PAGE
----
A perfect, fun, engaging, and memorable Halloween for ESL students just takes a bit of research and cultural awareness!
Spooky season is here to mark the start to several months of holiday goodness, and if you’re anything like me, you’ve had the pumpkins out for a little bit too long waiting for this time to arrive. I’m even listening to the “Spooky Music” playlist on Spotify as I write this (the kids version…I’m home alone and easily spooked after all!) It’s true, I LOVE the fall and winter holidays, and I love incorporating them in my classroom… but when you teach ESL students, it’s not all creepy music and ghost stories.
Incorporating spooky, Halloween goodness in your classroom will take a bit more effort, but, I promise, the extra effort and research to make the perfect Halloween for ESL lesson will make for some of the MOST fun classes you’ve ever taught
You may be wondering why I’m telling you you need to do some research before throwing Halloween at your English Language Learners. I know you have a ton on your plate already, and the thought of extra research (especially during this time of year!) is overwhelming.
I promise, I’m not asking you to write a dissertation. Just to Google a few things and ask around a bit.
Many of the things that are traditionally scary in modern American culture have strong, important historical roots in other cultures. It’s important that we respect our students’ cultures, and don’t turn anything they take seriously into a silly caricature.
For instance, spirits of the ancestors are extremely important in cultures throughout the world. In many cultures, ghosts are respected souls that are treated with gracious hospitality, not a creepy figure that makes things go bump in the night.
Having a base understanding of how common American Halloween figures are treated in your students’ cultures and religions can help you treat those topics with the respect and understanding they deserve. While you may not get to do your favorite Halloween activity of all time, picking resources that were created to respect students of all cultures will lead to more successful, engaging lessons!
What Even Is Halloween?
Depending on how long your students have been in America, they may or may not even know what Halloween is! Ask your newcomer students what they know about Halloween. Have they seen costumes in the store? Have people in their neighborhood decorated their homes? Do they even know what’s going on?
I would say about 90% of my newcomer ESL students had no clue what was happening when Halloween time rolled around…which sets things up perfectly for my favorite lessons!
Are They Saying Chicken Feet or Trick or Treat?
If you have any newcomers (or if you teach abroad in a country that doesn’t celebrate Halloween!), set aside a day and teach the Halloween basics! This day has always been one of my favorite days of teaching! Here’s a list to get you started:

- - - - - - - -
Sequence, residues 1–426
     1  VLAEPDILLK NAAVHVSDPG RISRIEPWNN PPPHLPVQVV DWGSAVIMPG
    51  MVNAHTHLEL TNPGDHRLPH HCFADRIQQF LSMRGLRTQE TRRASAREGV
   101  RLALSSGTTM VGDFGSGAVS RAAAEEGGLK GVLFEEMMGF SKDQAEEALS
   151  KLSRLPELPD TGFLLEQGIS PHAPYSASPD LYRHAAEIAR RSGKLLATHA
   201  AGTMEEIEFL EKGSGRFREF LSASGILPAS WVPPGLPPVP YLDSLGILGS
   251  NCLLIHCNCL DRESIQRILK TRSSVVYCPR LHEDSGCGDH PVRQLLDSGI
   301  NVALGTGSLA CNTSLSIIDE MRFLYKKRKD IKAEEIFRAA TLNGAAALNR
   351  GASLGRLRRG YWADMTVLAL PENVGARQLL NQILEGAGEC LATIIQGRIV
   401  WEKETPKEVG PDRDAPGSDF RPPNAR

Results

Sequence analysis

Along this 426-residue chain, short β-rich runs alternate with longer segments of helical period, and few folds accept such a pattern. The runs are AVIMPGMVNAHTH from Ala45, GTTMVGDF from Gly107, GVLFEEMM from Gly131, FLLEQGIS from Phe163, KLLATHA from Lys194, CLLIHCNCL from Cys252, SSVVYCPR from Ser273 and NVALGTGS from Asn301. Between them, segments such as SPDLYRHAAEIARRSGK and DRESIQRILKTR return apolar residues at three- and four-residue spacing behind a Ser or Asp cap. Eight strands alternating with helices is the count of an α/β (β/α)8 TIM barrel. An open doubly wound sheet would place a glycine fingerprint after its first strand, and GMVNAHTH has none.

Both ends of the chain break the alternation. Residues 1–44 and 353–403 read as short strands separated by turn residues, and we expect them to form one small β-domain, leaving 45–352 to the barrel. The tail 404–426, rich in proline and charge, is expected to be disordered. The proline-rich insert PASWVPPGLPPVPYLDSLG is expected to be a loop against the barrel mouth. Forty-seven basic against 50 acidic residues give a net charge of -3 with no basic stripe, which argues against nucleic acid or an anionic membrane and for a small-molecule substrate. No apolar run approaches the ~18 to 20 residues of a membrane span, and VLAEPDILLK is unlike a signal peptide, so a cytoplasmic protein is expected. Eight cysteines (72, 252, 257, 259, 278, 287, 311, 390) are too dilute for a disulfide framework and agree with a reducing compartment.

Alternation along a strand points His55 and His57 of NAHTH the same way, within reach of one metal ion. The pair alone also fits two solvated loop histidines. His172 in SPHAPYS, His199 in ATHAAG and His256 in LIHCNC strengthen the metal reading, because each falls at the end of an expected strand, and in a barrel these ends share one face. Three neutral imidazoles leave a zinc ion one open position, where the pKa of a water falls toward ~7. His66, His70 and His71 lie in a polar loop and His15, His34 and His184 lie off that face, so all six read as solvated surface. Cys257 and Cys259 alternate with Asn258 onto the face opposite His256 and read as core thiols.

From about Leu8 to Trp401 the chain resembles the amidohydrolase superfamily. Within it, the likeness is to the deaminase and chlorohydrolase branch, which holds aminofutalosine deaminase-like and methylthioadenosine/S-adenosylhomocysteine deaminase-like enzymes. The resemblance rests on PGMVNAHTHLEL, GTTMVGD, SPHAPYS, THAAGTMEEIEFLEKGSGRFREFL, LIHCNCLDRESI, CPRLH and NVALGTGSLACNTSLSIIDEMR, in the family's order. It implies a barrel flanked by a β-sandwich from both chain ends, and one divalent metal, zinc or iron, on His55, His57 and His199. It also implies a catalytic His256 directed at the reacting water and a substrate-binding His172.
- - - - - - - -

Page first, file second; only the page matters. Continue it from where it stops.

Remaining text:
And then…practice! So many ESL students are afraid of Halloween if they don’t know anything about it. (I mean…think if you moved to a new country and all of a sudden people started ringing your doorbell dressed like witches and ghosts!) I always want students to know that Halloween is a fun night, based in community, and that there’s no fancy requirements to participate. So, we learn the basics, and then we practice so they’ll know exactly what to do!
We'll spend a little bit of class time making masks out of paper or learning how to use toilet paper to make a mummy costume. Then, I have students line-up outside my classroom and practice knocking, waiting, saying “Trick or Treat,” getting candy, and saying thank you.
Teaching online? Let students pick spooky Zoom backgrounds and hold a competition to see who can make the best costume out of household objects!
Sharing is Caring
A kid's first Halloween is a pretty exciting thing! Leave time the day after Halloween for students to share. Not only is it fantastic speaking and listening practice, it's great for building classroom community. Whether or not they went trick or treating or passed out candy, students likely have an exciting story to share about what they saw on Halloween. Rather than fighting to get straight to work the day after Halloween, put on some spooky music, set some boundaries for sharing, and sit back and listen! You'll be glad you did!
No matter how you choose to celebrate, I always find that one of the best part of teaching ESL students is getting to experience all their first alongside them! How will you make this a special "first" Halloween for ESL students in your classroom?
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